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China Regulator said to seek to curb third mortgages
Published on: 2010-02-02
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Feb. 2 (Bloomberg) -- China’s government, seeking to stem property speculation, told banks to raise interest rates on third mortgages and demand bigger down payments for such loans, a person with knowledge of the matter said.

The China Banking Regulatory Commission warned lenders of the risks associated with “hot money” flowing into the property market, the person said, requesting anonymity because the agency hasn’t published the measures. Mortgage defaults in China are rising, the person said without giving figures.

China’s $1.4 trillion of new lending last year ignited a real-estate boom, with prices in 70 cities rising at the fastest pace in 18 months in December. An index tracking property companies traded in Shanghai fell to a nine-month low today on concern the government will tighten real-estate credit to prevent a bubble from forming.

Tighter rules on third mortgages “should have some effect on home prices, especially in regions such as Hainan,” said May Yan, a Hong Kong-based analyst at Nomura International HK Ltd.

China’s southern Hainan province will suspend land leasing and development approvals after developers flocked to the island following a government announcement to promote local tourism, fueling concerns about a property bubble, the Xinhua News Agency reported Jan. 17, citing local Party chief Wei Liucheng.


‘Bubble’ to Burst


The regulator also told banks to stop granting new loans to developers found to be hoarding land or intentionally delaying property sales, and to take measures to make sure existing advances are repaid, the person said.

Banks were told they should reject loan applications from people buying homes for “investment and speculation” purposes, the person said. Lenders were asked to raise down payments and interest rates for third mortgages by a “broad margin” if they’re unsure of a borrower’s intentions, the person said.

The Shanghai Composite’s 34-stock property index fell 1 percent today to the lowest since April 29, 2009. Andy Xie, an independent economist who was formerly a researcher at Morgan Stanley, said the nation’s real-estate “bubble” is poised to burst as credit dries up.

As bank lending slows, “it’s very difficult to see this demand continuing,” Xie, formerly Morgan Stanley’s chief Asian economist, told Bloomberg Television in Hong Kong today.


Credit Tightening


The State Council, China’s cabinet, said Jan. 10 it will step up guidance on property lending and seek to counter speculative capital from abroad to tackle “overly-rapid” price gains in some cities. It told banks to abide by a minimum 40 percent down-payment requirement for borrowers’ additional mortgages and set interest rates according to risk assessments.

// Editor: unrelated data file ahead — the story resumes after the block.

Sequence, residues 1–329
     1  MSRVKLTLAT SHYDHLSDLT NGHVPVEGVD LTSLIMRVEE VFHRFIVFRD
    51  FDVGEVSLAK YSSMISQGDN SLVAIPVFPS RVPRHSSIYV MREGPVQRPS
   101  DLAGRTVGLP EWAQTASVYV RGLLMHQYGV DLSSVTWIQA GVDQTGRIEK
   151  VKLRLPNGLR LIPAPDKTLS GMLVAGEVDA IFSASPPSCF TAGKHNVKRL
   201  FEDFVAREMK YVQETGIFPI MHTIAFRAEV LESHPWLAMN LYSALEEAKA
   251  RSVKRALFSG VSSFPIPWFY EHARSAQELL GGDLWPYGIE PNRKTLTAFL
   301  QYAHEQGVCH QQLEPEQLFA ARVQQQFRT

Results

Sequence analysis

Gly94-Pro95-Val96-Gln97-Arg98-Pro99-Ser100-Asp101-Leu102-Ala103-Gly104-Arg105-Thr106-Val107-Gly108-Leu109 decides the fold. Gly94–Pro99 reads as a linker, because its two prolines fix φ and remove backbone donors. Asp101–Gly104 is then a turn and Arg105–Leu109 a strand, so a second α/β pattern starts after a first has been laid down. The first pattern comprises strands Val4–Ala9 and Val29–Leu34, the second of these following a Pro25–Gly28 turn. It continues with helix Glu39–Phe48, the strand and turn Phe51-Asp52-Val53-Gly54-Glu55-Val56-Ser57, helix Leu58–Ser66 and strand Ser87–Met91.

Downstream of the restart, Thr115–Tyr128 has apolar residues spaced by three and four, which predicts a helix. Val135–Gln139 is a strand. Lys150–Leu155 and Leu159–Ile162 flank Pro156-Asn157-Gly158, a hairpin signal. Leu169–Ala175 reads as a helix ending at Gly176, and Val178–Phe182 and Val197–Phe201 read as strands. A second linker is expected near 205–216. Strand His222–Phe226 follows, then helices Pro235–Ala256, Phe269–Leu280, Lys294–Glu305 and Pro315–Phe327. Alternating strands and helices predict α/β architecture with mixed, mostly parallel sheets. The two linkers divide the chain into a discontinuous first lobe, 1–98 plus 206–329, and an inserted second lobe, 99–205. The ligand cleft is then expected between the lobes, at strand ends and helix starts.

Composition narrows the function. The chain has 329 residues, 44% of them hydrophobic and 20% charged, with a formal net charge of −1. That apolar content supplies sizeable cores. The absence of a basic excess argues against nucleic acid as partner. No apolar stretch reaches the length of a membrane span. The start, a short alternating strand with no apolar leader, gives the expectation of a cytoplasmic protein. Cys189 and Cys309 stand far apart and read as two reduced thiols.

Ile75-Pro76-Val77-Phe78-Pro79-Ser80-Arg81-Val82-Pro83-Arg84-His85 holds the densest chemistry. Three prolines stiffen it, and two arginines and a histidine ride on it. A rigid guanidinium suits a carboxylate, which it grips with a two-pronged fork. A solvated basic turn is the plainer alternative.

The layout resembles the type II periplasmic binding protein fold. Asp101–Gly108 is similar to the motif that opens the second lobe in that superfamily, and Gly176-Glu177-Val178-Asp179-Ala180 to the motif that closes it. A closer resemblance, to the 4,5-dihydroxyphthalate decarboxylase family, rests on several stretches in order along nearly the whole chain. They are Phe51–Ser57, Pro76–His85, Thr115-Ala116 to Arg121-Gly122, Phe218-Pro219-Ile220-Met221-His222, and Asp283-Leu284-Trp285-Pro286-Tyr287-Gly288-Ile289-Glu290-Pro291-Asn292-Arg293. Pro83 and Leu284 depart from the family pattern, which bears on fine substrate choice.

China’s banks are required to price loans for second homes 10 percent above the benchmark lending rate. The rate for five- year loans in China stands at 5.94 percent.

“The CBRC will continue to enhance monitoring of the property market, timely remind banking institutions of risks, and guide banks to optimize loan structure and prevent lending risks by using regulatory indicators including capital adequacy ratio, loan provision ratio, liquidity ratio and down payments,” the regulator said in an e-mailed statement.

In a Jan. 12 move that surprised economists, the central bank ordered lenders to set aside larger reserves for the first time since June 2008, the most drastic step so far to cool the economy. China’s economic growth accelerated to 10.7 percent in the fourth quarter, the fastest pace since 2007.


Foreign Buyers


Lenders extended 952 billion yuan ($139 billion) of home loans in the first nine months of 2009, a fourfold increase from a year earlier, according to the People’s Bank of China. The PBOC doesn’t break out second or third mortgages.

The CBRC also said capital flows into Chinese assets have increased “noticeably” as investors engaged in so-called carry trades, according to the person. A carry trade involves borrowing in a country with low interest rates, converting the money into a currency where borrowing costs are higher, and lending the funds at a higher rate.

Almost 40 percent of buyers of luxury residential properties worth more than 10 million yuan last year in Shanghai were from overseas, the person said. The CBRC found one case where 38 foreign citizens who never entered China managed to take out mortgages from a bank in Shanghai through their agents and lawyers, without providing necessary documentation, according to the person.

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